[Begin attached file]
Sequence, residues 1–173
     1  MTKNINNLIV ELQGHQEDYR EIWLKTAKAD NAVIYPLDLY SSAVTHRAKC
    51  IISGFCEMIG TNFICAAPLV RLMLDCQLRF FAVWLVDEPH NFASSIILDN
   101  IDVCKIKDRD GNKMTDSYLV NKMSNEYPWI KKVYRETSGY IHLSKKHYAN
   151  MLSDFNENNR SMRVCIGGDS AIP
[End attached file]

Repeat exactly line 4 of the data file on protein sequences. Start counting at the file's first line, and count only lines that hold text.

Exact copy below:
   101  IDVCKIKDRD GNKMTDSYLV NKMSNEYPWI KKVYRETSGY IHLSKKHYAN